Despite the increasing uncertainty with regards to the financial hit to industries, Russell Group have modelled the exposure for companies and countries. In the first of these articles, we take a look at the impact on shipping.
The Psychology of Social Media in the Great Digital Transformation
20 March 2017 | Blog Post
Health warning to our underwriting and risk manager readership! This article discuses post-modernist philosophical concepts, the new identity politics, the rise of Generation YouTube and the impact of these phenomena on a modern day integrated risk management.
Our hypothesis is that we are at a real turning point in risk management history where the so-called “enlightenment” values – in the West, at least – are supplanted by a new disruptive model fuelled by the great digital transformation. The impact on insurance risk management, as in all other areas of society, will be profound.
In a recent newsletter and white paper, Russell Group Limited outlined the impact of geopolitics on corporate risk management. One of the new risk drivers, we posited was the new-found power of social media, which has fractured news distribution outlets and driven a new kind of “extreme politics”. Paradoxically, this ‘extreme politics’ is underpinned by the extreme connectivity of today’s technology and the IoT.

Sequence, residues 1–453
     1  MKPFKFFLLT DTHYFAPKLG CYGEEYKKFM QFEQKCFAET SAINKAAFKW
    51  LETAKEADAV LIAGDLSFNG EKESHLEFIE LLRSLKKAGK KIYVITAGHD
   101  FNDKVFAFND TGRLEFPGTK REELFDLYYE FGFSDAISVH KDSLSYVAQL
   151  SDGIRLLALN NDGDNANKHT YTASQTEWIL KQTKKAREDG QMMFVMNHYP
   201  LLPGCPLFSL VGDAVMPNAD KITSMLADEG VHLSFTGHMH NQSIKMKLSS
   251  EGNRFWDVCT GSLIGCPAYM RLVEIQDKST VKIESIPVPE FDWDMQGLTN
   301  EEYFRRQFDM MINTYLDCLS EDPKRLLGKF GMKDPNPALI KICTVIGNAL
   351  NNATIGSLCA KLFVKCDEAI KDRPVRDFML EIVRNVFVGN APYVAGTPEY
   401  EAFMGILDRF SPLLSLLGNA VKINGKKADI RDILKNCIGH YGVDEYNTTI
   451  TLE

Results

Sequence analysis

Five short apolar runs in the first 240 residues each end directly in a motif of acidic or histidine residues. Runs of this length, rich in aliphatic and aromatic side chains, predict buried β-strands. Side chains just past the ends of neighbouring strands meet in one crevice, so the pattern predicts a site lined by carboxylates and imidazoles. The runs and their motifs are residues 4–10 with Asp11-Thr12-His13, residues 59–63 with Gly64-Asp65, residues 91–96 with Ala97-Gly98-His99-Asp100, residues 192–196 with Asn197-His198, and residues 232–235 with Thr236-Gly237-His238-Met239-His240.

Are we in a post (objective) truth age? Post-modernist philosophers have been saying as much for decades. The French thinker Jean Baudrillard has proposed the notion that, in an era dominated by electronic media and digital technologies, and where subjects are detached from the outcomes of actions (political or personal), events no longer hold any sway on the subject nor have any identifiable context.
In such an environment, events can produce indifference, detachment, and passivity in industrialised populations. The theory is that a constant stream of online appearances and references – acts of war or terror, for example - without any direct consequences to viewers or readers could eventually render the division between appearance and object indiscernible.
When Baudrillard suggested in 1991 that the first Gulf War did not take place, he was widely ridiculed and misinterpreted. What he was saying then is probably easier to understand today, though, is it not? Baudrillard imagined the "disappearance" of mankind in what is, in effect, a virtual or holographic state, composed only of appearances.
Think of Mosul in Iraq today. We see the news on MSM or SM and we are there but we are not there. We see the march and retreat of ISIS in Syria and we are there but we are not there. We are connected online but we are disconnected by geography. Then, closer to home, we see our children in their bedroom playing Overwatch on PS4 – a team-based multiplayer first-person shooter video game – and the resemblances between these war zones recreated for children’s digital entertainment is uncanny.